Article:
We convolve filters to input and activate it to get next layer.


In the above gif, we are convolving 3x3 filter to an 2-dimensional input with. Our filter is

We multiply filter with the left-top subset of the input(same size as filter) element-wise, slide it to right/down and repeat until we’ve arrived at the right-bottom.


convolution channels

In the above image, input is a 6x6 size image. With RGB, there are three channels in each pixel so the input shape is 6x6x3. For example, if the left top pixel is red, first channel of that pixel would be 255, second 0, third 0. If the image is black and white, it would only have 1 channel.

Number of channels of filter applied to this input should also be 3.

Also, you can apply multiple filters to the input. Number of filters you apply would be the next layer’s number of channels.


When doing convolution, pixels in the border contributes less than the inner pixels. By adding pixels of value 0 around the border of the input, we can solve this problem.


The thickness of this added pixels is called padding. In the above example, padding is 1.

We call it same convolution when we pad so that the output size is the same as the input size. Also convolution without padding is called valid convolution.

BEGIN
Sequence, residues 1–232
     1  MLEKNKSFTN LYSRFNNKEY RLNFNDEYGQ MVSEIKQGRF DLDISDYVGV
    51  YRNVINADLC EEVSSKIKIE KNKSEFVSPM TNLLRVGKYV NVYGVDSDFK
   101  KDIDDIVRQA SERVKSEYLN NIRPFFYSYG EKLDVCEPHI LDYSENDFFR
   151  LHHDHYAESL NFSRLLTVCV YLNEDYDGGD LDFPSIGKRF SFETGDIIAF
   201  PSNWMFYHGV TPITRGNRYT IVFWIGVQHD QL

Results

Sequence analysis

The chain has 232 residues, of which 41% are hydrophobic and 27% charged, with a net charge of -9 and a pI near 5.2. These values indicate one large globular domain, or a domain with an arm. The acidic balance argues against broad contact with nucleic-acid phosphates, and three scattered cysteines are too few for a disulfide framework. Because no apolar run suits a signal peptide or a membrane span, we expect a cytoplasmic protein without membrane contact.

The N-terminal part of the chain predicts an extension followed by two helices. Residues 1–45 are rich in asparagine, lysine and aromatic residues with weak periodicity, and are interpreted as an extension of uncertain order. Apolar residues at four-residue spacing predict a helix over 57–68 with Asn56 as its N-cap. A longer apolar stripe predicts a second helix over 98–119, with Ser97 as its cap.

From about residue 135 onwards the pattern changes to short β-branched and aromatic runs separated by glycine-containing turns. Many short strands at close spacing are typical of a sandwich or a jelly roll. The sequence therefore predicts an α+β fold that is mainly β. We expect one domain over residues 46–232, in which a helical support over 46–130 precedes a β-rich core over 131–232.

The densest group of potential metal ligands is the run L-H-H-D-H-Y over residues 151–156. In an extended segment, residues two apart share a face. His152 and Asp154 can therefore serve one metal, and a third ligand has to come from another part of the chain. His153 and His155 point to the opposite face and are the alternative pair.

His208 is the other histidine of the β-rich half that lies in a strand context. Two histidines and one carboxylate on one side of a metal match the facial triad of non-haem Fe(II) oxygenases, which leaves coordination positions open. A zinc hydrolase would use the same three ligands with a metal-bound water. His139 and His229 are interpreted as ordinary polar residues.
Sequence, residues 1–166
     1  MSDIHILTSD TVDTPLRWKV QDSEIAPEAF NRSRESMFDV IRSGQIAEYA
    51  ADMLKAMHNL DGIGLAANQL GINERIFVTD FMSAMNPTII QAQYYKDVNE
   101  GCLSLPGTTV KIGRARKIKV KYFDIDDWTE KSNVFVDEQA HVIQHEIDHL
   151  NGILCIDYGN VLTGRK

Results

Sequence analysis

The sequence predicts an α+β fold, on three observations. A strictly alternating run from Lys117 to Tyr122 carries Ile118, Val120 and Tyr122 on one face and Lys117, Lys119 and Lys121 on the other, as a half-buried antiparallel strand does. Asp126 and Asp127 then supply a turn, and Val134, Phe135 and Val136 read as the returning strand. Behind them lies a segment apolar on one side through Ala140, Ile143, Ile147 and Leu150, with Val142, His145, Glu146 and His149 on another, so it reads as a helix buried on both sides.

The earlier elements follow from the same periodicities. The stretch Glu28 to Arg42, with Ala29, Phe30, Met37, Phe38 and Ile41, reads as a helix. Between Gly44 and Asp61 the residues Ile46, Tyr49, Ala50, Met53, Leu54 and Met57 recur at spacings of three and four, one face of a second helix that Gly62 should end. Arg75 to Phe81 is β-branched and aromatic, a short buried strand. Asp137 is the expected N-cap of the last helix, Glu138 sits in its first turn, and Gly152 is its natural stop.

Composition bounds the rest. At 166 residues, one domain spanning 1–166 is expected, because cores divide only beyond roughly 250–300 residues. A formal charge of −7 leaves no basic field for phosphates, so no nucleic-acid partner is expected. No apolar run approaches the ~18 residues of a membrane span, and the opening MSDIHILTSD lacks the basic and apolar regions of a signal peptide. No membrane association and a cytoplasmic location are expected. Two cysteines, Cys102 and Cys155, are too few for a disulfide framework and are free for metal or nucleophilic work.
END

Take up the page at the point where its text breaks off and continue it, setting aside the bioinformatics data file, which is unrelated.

The number of pixels you slide filter is called stride.


In the above example, we are convolving 3x3 filter to a 6x6 input with padding 1 and stride 2.



If layer $l$ is a convolution layer with activation shape $n_H^{[l]} \times n_W^{[l]} \times n_c^{[l]}$;

$f^{[l]}$: filter size

$p^{[l]}$: padding

$s^{[l]}$: stride

$n_f^{[l]}$: number of filters


Each filter: $f^{[l]}\times f^{[l]}\times n_c^{[l]}$

Weights: $f^{[l]} \times f^{[l]} \times n_c^{[l]} \times n_f^{[l]}$

Bias: $n_f^{[l]}$

Output: $n_H^{[l+1]} \times n_W^{[l+1]} \times n_f^{[l]}$, where $n_H^{[l+1]}=\lfloor \frac{n_H^{[l]} + 2p^{[l]} - f^{[l]}}{s^{[l]}} + 1 \rfloor$ (same with $W$)

With multiple examples, $m$ would be multiplied to the front of the shapes. For example, $A^{[l]}: m \times n_H^{[l]} \times n_W^{[l]} \times n_c^{[l]}$

Convolution as Feature Detector

Convolution filters act as feature detector of an image.

feature detector

For example, in the above image, 3x3 filter detects vertical border of the image.

Why does Convolution Suit Vision Problems?

1. Parameter sharing

A feature detector (such as a vertical edge detector) that’s useful in one part of the image is probably useful in another part of the image.

2. Sparsity of connections

In each layer, each output value depends only on a small number of inputs.

3. Translation invariance

With image with a cat on the left and image with a cat on the right, CNN would yield similar results.

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